WWDC is a huge deal in the Apple community, but it wasn't always so. I've been going to WWDC since the mid-1990s, when it was a sleepy affair that took place at the McEnery Convention Center in San Jose. Probably the most memorable moment of any of the San Jose-based WWDCs I attended was the last one: That was 2002, when Steve Jobs laid the classic Mac OS to rest — no, seriously, there was a coffin on stage.

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My (practical) Apple Watch wish-list

Truly, this is an exciting time to follow Apple.

With the company set to hold a media event on Monday — six months to the day since Tim Cook first stood on the Flint Center stage and unveiled the Apple Watch — we're about to move out of our current period of vaguely-informed speculamalation and into the era of somewhat more informed speculification. At that point, we'll be perilously close to the time when the Apple Watch really ships, and pundits can actually start complaining about the real product rather than jousting with straw men wearing extremely expensive timepieces.

My point is, are we there yet? No? Okay, then, with a very short amount of time to go before we know incrementally more about the Apple Watch, here's my wish list for the next six months of the Apple Watch. You know, when we can actually use the thing.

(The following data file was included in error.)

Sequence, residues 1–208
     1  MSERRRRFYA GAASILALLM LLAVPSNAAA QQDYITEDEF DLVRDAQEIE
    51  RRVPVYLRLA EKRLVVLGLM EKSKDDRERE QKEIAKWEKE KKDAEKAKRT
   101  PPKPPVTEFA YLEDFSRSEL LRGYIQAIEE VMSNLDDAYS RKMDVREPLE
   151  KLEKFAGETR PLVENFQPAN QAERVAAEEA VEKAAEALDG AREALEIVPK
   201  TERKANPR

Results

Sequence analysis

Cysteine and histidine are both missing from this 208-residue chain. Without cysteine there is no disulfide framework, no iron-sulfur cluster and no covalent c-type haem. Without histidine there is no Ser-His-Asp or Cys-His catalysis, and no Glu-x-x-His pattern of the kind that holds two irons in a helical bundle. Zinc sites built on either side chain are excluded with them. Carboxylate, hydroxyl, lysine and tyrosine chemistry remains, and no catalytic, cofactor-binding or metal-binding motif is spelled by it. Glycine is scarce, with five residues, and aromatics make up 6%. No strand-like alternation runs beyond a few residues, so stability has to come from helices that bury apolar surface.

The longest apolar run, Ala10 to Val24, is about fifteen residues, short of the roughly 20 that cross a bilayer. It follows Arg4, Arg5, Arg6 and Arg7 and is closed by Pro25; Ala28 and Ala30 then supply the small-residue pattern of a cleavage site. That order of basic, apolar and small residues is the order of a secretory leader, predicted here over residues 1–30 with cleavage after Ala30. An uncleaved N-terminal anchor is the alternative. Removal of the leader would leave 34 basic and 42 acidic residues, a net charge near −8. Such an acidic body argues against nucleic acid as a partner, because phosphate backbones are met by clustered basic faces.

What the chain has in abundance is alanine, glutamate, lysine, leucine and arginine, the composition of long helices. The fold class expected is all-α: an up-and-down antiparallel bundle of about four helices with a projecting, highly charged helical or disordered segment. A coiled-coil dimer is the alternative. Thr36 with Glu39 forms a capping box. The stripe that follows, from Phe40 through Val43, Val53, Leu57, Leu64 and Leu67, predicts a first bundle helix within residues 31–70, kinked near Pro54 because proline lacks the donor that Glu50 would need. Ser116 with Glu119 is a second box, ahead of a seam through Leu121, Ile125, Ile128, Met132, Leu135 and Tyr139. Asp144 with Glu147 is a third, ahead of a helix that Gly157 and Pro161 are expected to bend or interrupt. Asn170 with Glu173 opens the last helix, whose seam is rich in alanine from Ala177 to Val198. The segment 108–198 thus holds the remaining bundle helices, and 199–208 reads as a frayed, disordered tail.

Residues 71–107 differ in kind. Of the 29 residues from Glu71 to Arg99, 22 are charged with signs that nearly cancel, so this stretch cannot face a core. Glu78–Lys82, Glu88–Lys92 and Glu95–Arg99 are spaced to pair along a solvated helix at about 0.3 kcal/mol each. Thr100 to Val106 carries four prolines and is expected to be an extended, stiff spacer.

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Apple and the agents of change

Ed: Welcome to iMore's new author spotlight column, The Network. Every Friday, we'll be bringing you the perspective and charm of the best and brightest minds in the Apple community. To start us off, we're thrilled to have the one, the only, the incomparable Jason Snell.

After spending 17 years at the same company, last fall I set out on my own for the first time. I've spent years writing and speaking about the inevitability of change, and how we have to embrace it. But as human beings we're wired to prefer routines and dislike change — and I'm no different.

These days I don't have a commute (other than to walk through a door). I'm not responsible for a staff of a few dozen people. I also don't have an employer cutting me checks every other week and paying for most of my health insurance. I'm responsible for every word (and every bit of HTML and CSS) on my website. Even four-plus months in, I'm still adapting, trying to discover new rhythms.

More than ever, this experience has made me wonder how companies and corporate cultures fare when it comes to embracing change. Even riding high as it is now, with record financial results, Apple's going through times of dramatic change.